LUXEMBOURG-VILLE — Not wanting to admit that he drives a slow-moving quiet vehicle up and down the same three-kilometer stretch of Avenue John F. Kennedy, a tram driver insists on telling friends and family that he operates a proper train.
“They’re the same, trams and trains, and you can tell because they both start with the sound ‘tra,’” said Luc Molitor, who even bought himself a train driver’s cap that he wears at home while gardening.
“Anyway, the basic concept is the same, operating a lengthy heavy vehicle along rails to transport people,” he continued. “My vehicle can carry up to 450 passengers, and I daresay plenty of regional train drivers would be envious of that number.”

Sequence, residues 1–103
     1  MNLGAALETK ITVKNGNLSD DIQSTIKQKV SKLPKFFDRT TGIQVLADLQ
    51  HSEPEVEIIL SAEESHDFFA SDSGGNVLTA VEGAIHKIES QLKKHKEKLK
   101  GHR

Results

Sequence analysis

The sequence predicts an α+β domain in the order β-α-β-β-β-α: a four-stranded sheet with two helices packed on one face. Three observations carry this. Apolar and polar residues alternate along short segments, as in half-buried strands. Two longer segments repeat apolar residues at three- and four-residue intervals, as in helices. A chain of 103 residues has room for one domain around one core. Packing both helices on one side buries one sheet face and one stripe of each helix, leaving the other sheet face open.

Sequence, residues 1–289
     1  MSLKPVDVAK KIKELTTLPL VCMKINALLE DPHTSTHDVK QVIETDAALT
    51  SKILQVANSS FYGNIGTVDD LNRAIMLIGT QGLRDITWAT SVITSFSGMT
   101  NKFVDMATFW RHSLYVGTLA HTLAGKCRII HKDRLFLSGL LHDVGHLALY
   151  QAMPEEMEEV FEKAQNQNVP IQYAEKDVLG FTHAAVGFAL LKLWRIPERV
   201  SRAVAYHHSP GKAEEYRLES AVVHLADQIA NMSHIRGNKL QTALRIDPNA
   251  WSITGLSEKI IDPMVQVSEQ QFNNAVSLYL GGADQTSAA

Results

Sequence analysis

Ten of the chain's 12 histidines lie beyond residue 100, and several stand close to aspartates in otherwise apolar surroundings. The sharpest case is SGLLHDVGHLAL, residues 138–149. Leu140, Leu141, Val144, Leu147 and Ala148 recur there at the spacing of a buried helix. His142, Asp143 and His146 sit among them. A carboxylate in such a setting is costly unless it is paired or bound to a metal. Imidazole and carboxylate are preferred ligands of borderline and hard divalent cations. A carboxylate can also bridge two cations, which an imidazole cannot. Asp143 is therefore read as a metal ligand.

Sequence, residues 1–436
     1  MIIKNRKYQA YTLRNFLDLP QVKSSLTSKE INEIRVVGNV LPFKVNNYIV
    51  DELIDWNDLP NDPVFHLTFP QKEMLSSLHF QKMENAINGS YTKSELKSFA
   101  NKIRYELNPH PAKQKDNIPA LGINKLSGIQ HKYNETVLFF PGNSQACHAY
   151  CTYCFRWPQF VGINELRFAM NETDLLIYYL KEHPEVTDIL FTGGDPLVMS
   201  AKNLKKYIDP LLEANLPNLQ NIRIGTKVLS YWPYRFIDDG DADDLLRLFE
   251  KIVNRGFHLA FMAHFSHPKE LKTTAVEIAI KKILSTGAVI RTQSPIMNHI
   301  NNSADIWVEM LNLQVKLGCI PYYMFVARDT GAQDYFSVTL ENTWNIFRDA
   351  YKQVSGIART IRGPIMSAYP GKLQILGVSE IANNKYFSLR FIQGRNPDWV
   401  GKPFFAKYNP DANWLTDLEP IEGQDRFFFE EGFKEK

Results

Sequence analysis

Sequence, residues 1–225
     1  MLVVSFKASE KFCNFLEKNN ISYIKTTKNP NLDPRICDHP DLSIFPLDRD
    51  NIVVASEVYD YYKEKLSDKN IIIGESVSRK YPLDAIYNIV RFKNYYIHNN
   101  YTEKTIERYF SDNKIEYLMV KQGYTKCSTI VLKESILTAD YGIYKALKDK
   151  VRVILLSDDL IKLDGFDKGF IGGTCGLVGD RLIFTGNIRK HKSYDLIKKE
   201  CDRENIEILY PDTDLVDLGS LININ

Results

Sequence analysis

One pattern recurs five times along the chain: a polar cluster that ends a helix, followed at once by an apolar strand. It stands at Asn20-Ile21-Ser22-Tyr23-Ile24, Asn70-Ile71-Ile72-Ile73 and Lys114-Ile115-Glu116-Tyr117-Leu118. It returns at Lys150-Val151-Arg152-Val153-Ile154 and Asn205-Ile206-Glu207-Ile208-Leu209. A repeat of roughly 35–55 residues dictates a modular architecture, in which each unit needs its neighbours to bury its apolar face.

Molitor says that the only real difference is that one vehicle is slightly better suited to cities, and the other slightly better suited to the country, and that most engineers would agree.
“I could probably jump this vehicle onto the tracks going down to Metz, if I really wanted to, which I may do one day, just because it’d be so easy and natural,” he said.
“And don’t even talk about speed because this baby can really roll, and if I crank it up all the way, we can get her up to 40 kpm,” he continued. “That’s with no passengers, of course, and going down a hill.”
“Tram, train, tram, train, say them quickly and you can’t even hear the difference.”